Union Budget a boon for nutrition

In a key move, and one which has been welcomed by experts, Rs 35,600 crore has been allocated to nutrition-related schemes. With malnutrition a major public health threat, being responsible for 68 percent of child deaths in the country, such a focus is indeed welcome. “Health of [the] mother and child are closely correlated,” said Sitharaman. “Nutrition is a critical component of health. 

“To improve the nutritional status of children (0-6 years), adolescent girls, pregnant women and lactating mothers, our Prime Minister launched a ‘Poshan Abhiyan’ [or the National Nutrition Month] in 2017-18. More than six lakh Anganwadi workers are equipped with smartphones to upload the nutritional status of more than ten crore households. The scale of these developments is unprecedented.” 

The move was praised by Dr Chandrakant Pandav, member of the National Council on India Nutrition Challenges under Poshan Abhiyan. “Severe malnourishment is a silent emergency,” Pandav said. “With a 25 percent increase in the budget outlay from Rs 29,165 crore in 2019-20 to Rs 35,600 crore in 2020-21 for nutrition-related programmes and proposed taskforce for recommending the age of a girl entering motherhood, the Government has shown intent about improving the national nutritional status of women, children of 0-6 years of age, lactating mothers, adolescent girls.” 

He went on to say that “the Government has hit the right notes and it must continue to lay down a sustainable and consistent approach to ensure that severe acute malnutrition, moderate acute malnutrition, stunting and anaemia will become conditions of the past.”

Union Health Minister Dr Harsh Vardhan praised the Union Budget, but it has been criticised by others in the medical community. Image credit: Ministry of Health and Family Welfare (GODL-India) [GODL-India (] This file or its source was published by Press Information Bureau on behalf of Ministry of Health and Family Welfare, Government of India under the ID 54064 and CNR 56840. (direct link)

How did the health community react to the Union Budget?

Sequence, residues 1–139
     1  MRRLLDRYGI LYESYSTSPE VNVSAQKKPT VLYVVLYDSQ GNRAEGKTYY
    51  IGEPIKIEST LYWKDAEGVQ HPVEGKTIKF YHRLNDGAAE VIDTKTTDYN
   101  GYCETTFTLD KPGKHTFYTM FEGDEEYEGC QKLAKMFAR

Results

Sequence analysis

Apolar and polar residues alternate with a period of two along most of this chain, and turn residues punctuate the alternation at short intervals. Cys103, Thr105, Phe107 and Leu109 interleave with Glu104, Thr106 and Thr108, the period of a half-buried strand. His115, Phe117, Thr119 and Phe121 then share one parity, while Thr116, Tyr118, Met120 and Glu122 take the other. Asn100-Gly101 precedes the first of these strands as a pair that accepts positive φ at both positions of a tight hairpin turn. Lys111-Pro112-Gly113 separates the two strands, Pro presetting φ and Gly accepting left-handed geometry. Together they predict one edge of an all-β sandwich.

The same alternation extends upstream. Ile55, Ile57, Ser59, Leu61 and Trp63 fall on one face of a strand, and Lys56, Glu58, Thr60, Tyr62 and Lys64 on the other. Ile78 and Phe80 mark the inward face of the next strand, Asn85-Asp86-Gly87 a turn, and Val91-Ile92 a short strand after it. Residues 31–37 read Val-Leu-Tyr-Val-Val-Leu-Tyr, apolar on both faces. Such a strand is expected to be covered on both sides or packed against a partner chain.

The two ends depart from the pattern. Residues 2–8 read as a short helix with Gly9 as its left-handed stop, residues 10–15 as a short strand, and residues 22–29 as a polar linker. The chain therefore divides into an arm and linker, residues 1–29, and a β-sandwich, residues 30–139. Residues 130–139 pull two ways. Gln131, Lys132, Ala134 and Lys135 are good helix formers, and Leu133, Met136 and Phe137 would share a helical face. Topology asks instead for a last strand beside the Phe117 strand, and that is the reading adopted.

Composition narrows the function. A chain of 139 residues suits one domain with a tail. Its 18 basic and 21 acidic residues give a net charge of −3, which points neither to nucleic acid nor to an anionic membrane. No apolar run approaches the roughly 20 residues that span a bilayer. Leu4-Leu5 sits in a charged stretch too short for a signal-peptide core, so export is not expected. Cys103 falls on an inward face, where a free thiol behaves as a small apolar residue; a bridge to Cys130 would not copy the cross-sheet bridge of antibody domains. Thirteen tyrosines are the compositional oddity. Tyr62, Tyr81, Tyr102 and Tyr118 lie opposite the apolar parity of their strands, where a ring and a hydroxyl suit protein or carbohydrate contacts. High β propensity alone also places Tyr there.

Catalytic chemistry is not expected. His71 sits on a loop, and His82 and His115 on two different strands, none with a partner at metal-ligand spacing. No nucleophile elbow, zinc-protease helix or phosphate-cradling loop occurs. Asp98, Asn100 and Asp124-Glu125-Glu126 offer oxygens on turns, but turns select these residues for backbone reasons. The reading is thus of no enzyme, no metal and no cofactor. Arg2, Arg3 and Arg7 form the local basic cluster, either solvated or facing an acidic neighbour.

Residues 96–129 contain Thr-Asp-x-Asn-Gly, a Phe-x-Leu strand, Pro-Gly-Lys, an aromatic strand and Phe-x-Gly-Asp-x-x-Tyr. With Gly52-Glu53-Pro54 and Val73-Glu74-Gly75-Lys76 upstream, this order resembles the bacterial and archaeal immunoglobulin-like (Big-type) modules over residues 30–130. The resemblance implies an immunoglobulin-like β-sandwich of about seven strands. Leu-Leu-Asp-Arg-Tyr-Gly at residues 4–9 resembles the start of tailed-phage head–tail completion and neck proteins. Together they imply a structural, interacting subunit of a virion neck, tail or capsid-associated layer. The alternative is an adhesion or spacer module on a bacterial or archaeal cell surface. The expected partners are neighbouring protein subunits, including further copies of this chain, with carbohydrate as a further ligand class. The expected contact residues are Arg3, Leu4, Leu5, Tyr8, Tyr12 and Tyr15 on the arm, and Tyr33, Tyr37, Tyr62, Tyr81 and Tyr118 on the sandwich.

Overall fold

However, the response of the healthcare community to the Union Budget has been mixed overall.

Union Health Minister Dr Harsh Vardhan lauded the outlays for the healthcare sector. Speaking of other initiatives, “With an emphasis on holistic health, he said “the Budget underscores the importance of positive, preventive and promotive health with support for Mission Indradhanush, Fit India campaign, digital linkage of all Ayushman Bharat Health & Wellness Centres (to help wide use of telemedicine).” 

The Union Budget, he said, “indicates the strong focus of the Government on the health sector. The Budget has positioned health as a prime mover in the journey of development and growth of the country.’’

Other responses have not been so positive. Indian Medical Association (IMA) president Dr Rajan Sharma took umbrage with funding for Ayushman Bharat, stating “deficit financing of Ayushman Bharat continues. Whereas at least Rs 160,000 crores are needed to provide effective care under Ayushman Bharat, the money currently provided is gross underfunding.” IMA officials also criticised continued emphasis on health insurance as a means of promoting healthcare accessibility and the proposed use of PPPs, which Sharma described as “backdoor corporatisation of civil hospitals.” He suggested that the Government “revisit their decision.” 

Other experts weighed in unfavourably. “Overall, it is a lacklustre budget,” said Vikram Vuppala, founder and chief executive officer of NephroPlus, which provides dialysis. “There is no clarity on how the government is specifically increasing its commitment to invest in healthcare to 2.5 percent of GDP. Even 2.5 per cent is too low if compared with BRICS countries.” 

Similarly, Dr Avinash Supe, executive director of Hinduja Hospital, said “though the budgetary allocation has been increased, it has not met the expectations of the healthcare sector.” 

Specific proposals were alternately criticised and praised. For example, the proposed tax on imports of medical devices was critiqued on grounds that it “would prove a drain on the patients’ pockets, causing them to have second thoughts about being treated at government hospitals” according to Ajay Pandey, vice president of Lilavati Hospital. Others, however, supported the manoeuvre as a boon for the domestic industry. 

Whether a holistic budget for health or a mere eye-wash in the face of long-standing demands by industry players for increased funds to the health sector, the Union Budget has been presented and will lay the groundwork for the Government’s ambitions for healthcare going forward into this fiscal year. Inevitably divisive, with the roadmap laid out, it remains to be seen how India will proceed.